The House has taken the first step in providing a huge infusion of money to cope with detecting and treating the coronavirus, codenamed COVID-19.
By an overwhelming 415-2 vote late Wednesday, lawmakers approved $8.3 billion in emergency funds, some of which will go to the Centers for Disease Control and Prevention (CDC) and other health agencies.
The shape of the final package was the subject of intense negotiations ahead of the vote. It includes about $3 billion for research into potential vaccines and another $2.2 billion for prevention and preparedness efforts.
The Trump administration initially asked for $2.5 billion, but Senate Democrats argued that more was needed. At a news conference last week, President Trump said he would accept as much money as Congress was willing to authorize.
The next stop for the funding bill is the Senate, where a speedy vote is expected. President Trump could sign the legislation before the end of the week.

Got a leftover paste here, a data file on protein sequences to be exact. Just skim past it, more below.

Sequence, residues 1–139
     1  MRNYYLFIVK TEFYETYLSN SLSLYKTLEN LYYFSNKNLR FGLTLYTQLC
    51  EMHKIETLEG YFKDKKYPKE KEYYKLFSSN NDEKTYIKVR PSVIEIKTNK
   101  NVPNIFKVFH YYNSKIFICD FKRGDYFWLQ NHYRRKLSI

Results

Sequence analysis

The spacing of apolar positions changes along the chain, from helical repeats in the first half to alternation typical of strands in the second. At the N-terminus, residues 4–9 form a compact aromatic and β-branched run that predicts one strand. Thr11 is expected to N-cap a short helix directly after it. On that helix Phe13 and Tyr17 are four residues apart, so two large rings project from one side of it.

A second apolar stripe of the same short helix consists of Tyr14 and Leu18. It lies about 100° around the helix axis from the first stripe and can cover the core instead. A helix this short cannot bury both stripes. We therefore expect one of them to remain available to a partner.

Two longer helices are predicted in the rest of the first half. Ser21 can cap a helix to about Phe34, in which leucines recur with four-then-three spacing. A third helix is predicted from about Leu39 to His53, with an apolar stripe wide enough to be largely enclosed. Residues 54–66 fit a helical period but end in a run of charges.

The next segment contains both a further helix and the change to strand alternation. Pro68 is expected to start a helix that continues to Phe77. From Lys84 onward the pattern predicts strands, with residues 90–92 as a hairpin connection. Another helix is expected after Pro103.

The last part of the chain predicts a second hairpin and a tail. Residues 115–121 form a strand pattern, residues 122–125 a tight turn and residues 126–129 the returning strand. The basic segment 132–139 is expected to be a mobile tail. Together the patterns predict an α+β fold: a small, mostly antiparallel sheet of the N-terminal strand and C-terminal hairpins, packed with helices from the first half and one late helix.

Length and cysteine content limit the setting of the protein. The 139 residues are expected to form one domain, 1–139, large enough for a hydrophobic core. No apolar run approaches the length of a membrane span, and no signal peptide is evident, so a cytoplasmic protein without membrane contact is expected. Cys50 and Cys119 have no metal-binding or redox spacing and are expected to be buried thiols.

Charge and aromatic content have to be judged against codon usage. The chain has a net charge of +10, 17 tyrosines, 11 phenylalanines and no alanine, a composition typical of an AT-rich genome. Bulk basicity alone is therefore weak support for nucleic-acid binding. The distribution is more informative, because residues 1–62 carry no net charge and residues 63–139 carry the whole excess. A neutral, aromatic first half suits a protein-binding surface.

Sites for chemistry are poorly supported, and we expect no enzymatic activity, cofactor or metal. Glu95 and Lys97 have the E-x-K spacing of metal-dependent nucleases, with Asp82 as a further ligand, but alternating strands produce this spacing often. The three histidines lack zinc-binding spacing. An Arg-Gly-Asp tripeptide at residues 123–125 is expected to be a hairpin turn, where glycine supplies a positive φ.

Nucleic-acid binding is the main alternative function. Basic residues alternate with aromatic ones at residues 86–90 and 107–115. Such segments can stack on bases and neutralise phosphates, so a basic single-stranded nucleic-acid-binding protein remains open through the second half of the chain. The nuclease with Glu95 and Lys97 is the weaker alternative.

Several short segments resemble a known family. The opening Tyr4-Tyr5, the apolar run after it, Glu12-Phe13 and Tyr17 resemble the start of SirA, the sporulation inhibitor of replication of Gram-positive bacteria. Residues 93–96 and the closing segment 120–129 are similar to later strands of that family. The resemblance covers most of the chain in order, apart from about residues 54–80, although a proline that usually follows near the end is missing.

So far, 11 people in the U.S. have died from complications of the coronavirus, all of them elderly and with other health problems. More than 3,100 deaths have occurred outside the U.S., mostly in China.
Washington state hard hit
Ten of the U.S. fatalities are in Washington State, where an assisted living facility suffered an outbreak from contact with someone who had traveled to Wuhan, China. The eleventh fatality was in the Los Angeles area.
The CDC says there are at least 138 confirmed cases of the coronavirus in the U.S. as of Wednesday evening. Health officials in Los Angeles reported six new cases over the last two days, resulting in a declaration of a health emergency.
Kathryn Barger, chairwoman of the Los Angeles County Board of Supervisor, denied that the county had succumbed to panic. She said the measure allows local health officials greater access to resources from the federal and state governments.
Former FDA Commissioner Scott Gottlieb, appearing on CNBC, said it’s likely that there are “thousands” of COVID-19 cases in the U.S. He says they haven’t been detected because of a lack of testing.